Ear Training Resources for Piano Students

Ear Training is an essential musicianship skill. It's what allows us to hear when a note is out of place in a piece of music, or to pick out a melody by ear. It's one half of audiating, the true musician superpower which combines both sight and ear training to be able to read and 'listen' to a piece of music in our heads. 

Some of the beginning stages of ear training are to recognize things like directional movement (whether the notes are going up, down or staying the same), distance (if they're skipping, stepping or jumping over an interval), and quality (if we hear a major or minor chord or interval). This week's post is a round-up of some simple ways to practice Ear Training at home to help your piano kid develop and grow in this direction out of lessons. 


While Auralia does offer a full curriculum for classroom & college teachers to assign to students ear training, in our studio we choose to isolate specific skills with the Auralia iOS apps. Whenever one of these is chosen as our 'App of the Week' group students will use these to build their auditory skills during their Piano Lab time. Each app pinpoints a specific skill starting with something as simple as Pitch Comparison all the way through Interval, Chord or Scale Recognition. 


The best part about this resource is that it's free, and customizable. At musictheory.net students can find a list of exercises in everything from staff reading and key recognition to listening skills like interval recognition. You can set the parameters for your exercise to the specific intervals or notes you are hoping to improve on, and off you go! If you'd like to share results with your teacher, just copy the code provided at the end of an exercise and email that in.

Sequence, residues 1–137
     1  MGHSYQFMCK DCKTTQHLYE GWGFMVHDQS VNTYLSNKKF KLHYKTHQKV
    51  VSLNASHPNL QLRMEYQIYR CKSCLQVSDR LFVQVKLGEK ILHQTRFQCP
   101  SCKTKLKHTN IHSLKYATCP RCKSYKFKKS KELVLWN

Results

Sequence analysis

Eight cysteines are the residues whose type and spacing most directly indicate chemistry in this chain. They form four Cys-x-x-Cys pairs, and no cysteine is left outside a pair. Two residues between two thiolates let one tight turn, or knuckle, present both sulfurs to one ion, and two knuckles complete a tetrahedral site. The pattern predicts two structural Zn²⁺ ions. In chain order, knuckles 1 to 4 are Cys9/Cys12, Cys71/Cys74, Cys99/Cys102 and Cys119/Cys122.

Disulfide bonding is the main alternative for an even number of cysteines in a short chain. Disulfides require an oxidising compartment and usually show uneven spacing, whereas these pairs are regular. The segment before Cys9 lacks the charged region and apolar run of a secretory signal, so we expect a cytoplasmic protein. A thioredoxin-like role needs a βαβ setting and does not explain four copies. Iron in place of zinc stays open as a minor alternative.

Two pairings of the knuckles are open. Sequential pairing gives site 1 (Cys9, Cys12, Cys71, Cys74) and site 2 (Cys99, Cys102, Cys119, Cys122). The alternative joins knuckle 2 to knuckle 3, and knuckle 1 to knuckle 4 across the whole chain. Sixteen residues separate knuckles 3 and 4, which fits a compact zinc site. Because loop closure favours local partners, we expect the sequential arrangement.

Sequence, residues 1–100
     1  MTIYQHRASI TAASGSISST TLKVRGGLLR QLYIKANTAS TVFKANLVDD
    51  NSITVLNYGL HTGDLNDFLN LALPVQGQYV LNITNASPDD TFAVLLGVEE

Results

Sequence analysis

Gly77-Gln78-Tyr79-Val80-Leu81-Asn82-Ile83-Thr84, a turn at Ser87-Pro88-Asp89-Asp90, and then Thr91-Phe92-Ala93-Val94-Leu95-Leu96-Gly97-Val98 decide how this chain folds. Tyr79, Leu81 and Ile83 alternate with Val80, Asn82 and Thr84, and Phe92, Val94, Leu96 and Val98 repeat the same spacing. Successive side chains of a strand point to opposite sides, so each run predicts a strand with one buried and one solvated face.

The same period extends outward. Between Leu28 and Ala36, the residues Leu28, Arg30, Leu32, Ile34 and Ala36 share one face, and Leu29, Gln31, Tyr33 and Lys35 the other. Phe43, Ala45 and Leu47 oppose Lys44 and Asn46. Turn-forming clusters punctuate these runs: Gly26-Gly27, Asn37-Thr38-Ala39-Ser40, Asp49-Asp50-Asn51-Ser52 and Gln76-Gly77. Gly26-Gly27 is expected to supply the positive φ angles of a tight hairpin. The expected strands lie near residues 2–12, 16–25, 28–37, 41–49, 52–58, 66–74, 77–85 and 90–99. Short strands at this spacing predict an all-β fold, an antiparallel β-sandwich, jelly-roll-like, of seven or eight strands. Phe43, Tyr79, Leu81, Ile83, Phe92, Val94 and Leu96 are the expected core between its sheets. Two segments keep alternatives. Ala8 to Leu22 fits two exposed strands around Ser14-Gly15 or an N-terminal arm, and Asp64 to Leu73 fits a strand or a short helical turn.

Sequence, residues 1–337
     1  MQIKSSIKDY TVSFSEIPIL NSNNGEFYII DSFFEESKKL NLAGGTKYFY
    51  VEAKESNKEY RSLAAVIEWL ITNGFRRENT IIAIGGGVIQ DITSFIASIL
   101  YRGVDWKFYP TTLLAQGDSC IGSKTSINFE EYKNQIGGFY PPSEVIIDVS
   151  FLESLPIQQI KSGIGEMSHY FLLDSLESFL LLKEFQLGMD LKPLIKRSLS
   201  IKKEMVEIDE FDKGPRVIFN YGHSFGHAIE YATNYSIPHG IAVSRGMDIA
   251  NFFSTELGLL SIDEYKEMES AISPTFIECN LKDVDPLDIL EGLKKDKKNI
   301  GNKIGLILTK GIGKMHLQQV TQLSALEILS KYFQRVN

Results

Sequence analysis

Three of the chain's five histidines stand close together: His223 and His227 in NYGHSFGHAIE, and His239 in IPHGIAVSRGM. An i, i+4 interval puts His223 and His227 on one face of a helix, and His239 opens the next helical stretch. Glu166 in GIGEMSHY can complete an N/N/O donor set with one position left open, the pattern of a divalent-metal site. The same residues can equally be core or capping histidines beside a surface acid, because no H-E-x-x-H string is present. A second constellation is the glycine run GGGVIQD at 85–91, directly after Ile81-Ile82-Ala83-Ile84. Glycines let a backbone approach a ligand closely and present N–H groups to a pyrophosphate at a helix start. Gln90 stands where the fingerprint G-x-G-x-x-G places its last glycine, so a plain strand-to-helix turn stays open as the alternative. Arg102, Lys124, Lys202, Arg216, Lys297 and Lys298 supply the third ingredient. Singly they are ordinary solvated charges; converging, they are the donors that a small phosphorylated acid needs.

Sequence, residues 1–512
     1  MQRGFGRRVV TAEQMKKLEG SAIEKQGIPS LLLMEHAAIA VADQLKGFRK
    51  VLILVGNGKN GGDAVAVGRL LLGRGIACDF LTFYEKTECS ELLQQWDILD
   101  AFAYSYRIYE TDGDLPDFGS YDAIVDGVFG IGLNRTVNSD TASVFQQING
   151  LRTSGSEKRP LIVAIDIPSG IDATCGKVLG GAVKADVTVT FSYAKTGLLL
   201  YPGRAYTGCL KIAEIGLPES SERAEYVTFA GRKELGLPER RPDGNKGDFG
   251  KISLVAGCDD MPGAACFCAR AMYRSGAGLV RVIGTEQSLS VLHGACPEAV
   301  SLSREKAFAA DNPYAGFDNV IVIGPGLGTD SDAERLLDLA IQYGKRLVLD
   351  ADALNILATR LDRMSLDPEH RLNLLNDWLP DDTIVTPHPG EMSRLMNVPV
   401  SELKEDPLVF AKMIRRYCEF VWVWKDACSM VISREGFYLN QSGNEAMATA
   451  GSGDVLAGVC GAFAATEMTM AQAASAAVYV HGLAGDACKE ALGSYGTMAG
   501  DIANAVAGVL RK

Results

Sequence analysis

Play a Tune by Ear

And finally, another great way to build ear training skills is to just try playing things you can hear. Start with small simple melodies  (like the first few notes of Frere Jacques or Mary Had a Little Lamb), and then grow your way out from there. Even a simple game where your piano kid copies simple three or four note melodies that you make up is a great way to start. 

Each Spring members of this studio have an opportunity to really exercise their ear training if they choose to participate in KMTA's Music Progressions. This is a non-competitive event where students perform a set of scales and a couple musical selections for a facilitator, as well as take a theory and listening exam. The resources mentioned above are the perfect way to help a piano student feel well-prepared for the listening portion of the exam. And even if your piano kid isn't preparing for an exam, and is just needing a little extra enhancement to their home practice, or perhaps some ways to engage their music off-the-bench while in the car or waiting for appointments, the apps and websites are also be a perfect to take your music on the go.